The couple hosts casual meals in the airy dining area.
The couple hosts casual meals in the airy dining area.
Eric Ziebold and Célia Laurent share an espresso on their patio.
The entranceway table holds an Henri Boixel lithograph and a Moroccan lamp.
A favorite painting by Christian Babou hangs over a Chinese chest.
Ziebold at work in the kitchen.
Laurent shares prep duties with her husband.
A built-in bookcase displays mementoes.
Works on the fireplace mantel are by French artists.
Appointments for Kinship and Métier are on display.
Ziebold and Laurent store their wine in the garage.
In the living area, a Le Corbusier cowhide chaise and Keith Haring lithograph are cherished pieces.
Joie de Vivre On a warm fall day under a cloudless blue sky, the golden leaves from two majestic oaks sprinkle the lawn in front of the Alexandria residence where James Beard Award-winning chef Eric Ziebold, his wife Célia Laurent and their two-year-old daughter live.
They are enjoying some last days of calm before the planned winter openings of their highly anticipated restaurants, Kinship and Métier, both located in a 1907 building near DC’s Mount Vernon Square. The former, seating 87, will feature à la carte dining in a casual setting; the latter, accessed by a discrete elevator, will be a 36-seat dining room offering formal seven-course tasting menus.
The couple’s house is a white-brick, split-level Colonial with a columned two-story porch, black shutters and a black front door. When you first glimpse it, your mind might wander to the moment when young Natalie Wood lopes from the car at the end of Miracle on 34th Street, having found the picture-perfect home.
“It looks like Virginia,” says Laurent. “The neighborhood is quiet and there is lots of light, which is super important.”
The couple met in 2003 in California, where Ziebold was chef de cuisine for Thomas Keller at the famed French Laundry. Laurent was preparing for a position as director of special events at Per Se, which Keller opened in Manhattan soon thereafter. Ziebold also wound up at Per Se, where they worked together. It was only after the Iowa-born chef moved to DC in 2004 to open CityZen in the Mandarin Oriental Hotel that the couple started dating, and a five-year, long-distance romance ensued.
Laurent finally moved to DC in 2009; she and Ziebold married in 2012 and bought their three-bedroom house in 2013. The split-level layout appealed to them. “The downstairs bedroom is very private for guests and will be good for our daughter when she gets older,” Laurent says.
Other selling points centered on entertaining—not surprising considering the couple’s fine-dining bona fides (Laurent’s impressive restaurant-management resume includes Restaurant Daniel in New York and Le Diplomate in Washington). A large patio off the lower level is as perfect for al fresco dining as the equally spacious upstairs living/dining room is for indoor parties. The garage is deep enough to house the duo’s extensive wine collection in a custom-built cellar.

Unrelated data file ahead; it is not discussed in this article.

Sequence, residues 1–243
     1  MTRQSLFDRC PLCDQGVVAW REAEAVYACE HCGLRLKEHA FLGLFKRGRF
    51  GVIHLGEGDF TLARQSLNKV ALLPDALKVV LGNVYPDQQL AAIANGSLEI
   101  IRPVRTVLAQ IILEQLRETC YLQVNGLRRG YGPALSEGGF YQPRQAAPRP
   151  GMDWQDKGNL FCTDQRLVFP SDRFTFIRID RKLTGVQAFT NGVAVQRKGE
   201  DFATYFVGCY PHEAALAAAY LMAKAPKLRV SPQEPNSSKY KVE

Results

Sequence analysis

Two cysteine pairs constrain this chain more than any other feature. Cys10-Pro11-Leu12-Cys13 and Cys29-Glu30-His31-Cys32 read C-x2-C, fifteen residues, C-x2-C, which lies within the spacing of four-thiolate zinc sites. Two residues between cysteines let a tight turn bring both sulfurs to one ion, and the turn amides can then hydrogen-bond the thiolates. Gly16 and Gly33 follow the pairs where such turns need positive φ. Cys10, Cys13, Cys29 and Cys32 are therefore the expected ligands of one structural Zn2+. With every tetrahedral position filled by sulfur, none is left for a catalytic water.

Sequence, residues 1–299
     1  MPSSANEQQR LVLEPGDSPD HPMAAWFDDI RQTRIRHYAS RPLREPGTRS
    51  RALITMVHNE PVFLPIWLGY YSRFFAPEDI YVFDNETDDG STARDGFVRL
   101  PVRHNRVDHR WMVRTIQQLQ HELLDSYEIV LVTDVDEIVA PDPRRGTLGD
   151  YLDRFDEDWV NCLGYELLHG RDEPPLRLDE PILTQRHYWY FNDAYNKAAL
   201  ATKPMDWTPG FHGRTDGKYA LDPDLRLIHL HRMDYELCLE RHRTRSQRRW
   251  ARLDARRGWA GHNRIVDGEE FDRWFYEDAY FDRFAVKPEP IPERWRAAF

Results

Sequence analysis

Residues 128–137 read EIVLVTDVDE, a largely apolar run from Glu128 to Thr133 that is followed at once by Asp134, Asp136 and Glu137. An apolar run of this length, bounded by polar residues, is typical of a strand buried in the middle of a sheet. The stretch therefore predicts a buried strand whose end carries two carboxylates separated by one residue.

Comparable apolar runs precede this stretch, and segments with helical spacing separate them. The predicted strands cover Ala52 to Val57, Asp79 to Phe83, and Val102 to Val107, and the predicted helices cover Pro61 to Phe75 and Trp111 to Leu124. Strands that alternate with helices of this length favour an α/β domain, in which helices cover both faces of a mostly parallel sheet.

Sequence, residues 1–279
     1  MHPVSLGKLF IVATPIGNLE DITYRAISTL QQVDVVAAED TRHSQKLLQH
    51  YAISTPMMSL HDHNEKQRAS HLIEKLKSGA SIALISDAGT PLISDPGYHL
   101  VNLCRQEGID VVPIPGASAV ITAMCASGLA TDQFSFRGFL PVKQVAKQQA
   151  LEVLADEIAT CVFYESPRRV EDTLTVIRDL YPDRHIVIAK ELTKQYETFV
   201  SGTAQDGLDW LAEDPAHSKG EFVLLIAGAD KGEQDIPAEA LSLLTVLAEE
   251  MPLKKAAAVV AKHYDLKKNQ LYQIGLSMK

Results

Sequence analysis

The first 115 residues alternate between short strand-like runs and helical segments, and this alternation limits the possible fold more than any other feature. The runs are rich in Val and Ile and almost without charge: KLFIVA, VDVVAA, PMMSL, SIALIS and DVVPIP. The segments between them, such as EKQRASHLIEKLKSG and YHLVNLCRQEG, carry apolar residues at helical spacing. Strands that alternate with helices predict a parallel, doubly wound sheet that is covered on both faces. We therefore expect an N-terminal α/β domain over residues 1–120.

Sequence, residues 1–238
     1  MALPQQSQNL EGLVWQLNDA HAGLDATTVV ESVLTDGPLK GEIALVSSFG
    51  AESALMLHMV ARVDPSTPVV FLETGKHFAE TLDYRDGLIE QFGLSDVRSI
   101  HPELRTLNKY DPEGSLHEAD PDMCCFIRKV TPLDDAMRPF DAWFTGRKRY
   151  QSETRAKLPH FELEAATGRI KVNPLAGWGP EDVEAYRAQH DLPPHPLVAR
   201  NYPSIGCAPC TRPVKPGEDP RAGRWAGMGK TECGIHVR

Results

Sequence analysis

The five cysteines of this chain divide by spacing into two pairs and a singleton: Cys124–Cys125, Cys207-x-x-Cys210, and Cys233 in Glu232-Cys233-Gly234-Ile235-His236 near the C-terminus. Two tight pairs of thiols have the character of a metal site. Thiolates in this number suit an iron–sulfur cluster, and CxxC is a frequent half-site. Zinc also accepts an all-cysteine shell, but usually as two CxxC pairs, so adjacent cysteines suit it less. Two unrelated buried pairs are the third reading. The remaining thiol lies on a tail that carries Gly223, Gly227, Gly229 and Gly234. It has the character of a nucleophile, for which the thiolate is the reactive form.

“We gave a series of dinner parties over the summer as research and development for the new restaurant and had our guests sign the wall next to where the wine is stored,” Ziebold explains. The menu for one summer dinner included okra salad, heirloom tomatoes, lobster French toast, roast chicken en panade and cheesecake bavarois with plums.
Ascending a small stairway from the main entrance, a front room intended as the dining room is now a cozy salon. A built-in bookcase separates it from the living/dining room. Pale green walls; billowy, white-linen curtains; a comfy, white-linen slipcovered sofa; and light-stained hardwood floors lend the open space a Provençal quality. A simple rectangular dining table and ecru-linen side chairs have a weathered, birch-colored finish that adds to the room’s breeziness.
“We like an older patina on our furniture,” says Laurent, who hails from Arcachon, an oyster-producing bay on the Atlantic coast of southwestern France.
The same aesthetic will appear in Kinship and Métier. Ziebold and Laurent are involved in every detail of the restaurants, working closely with DC designer Darryl Carter on their interiors. Spread out on their dining room table are items being considered for each space. Among them: a block of wood flooring with a milk-wash finish, antique glassware, Laguiole knives and custom ceramic plates.
With so much time and energy spent launching the restaurants, furnishing their home has been an organic process—by preference as well as necessity. “We are not of the mindset of rushing to the store and filling the house. We prefer to find just the right piece. And we will pair something from a flea market with something modern, a mix of high and low,” Laurent says.
“We bring things back from our travels. A grill from Tunisia was probably not my brightest idea,” adds Ziebold with a wry smile.
The result is an elegant blend of small-town warmth and big city sophistication. In other words, tout à fait chic.
Artwork abounds. Says Laurent, “My mother is a painter, so I’ve been surrounded by artist friends since I was young.” Works by several of them, such as Christian Babou, Elizabeth Barbosa and Henri Boixel, adorn the walls or rest on the floor, awaiting placement.
Over the sofa, a Keith Haring lithograph holds special meaning for Laurent. “It’s of the inside of the elevator of the contemporary art museum in Bordeaux, where I was born,” she says. Next to it is a Warhol lithograph of Elvis Presley in cowboy gear.
“Nothing is of great value,” says Laurent. “Just for fun.” Joie de vivre permeates every corner of the couple’s charming home.
Writer David Hagedorn is based in Washington, DC. Geoffrey Hodgdon is a photographer in Deale, Maryland.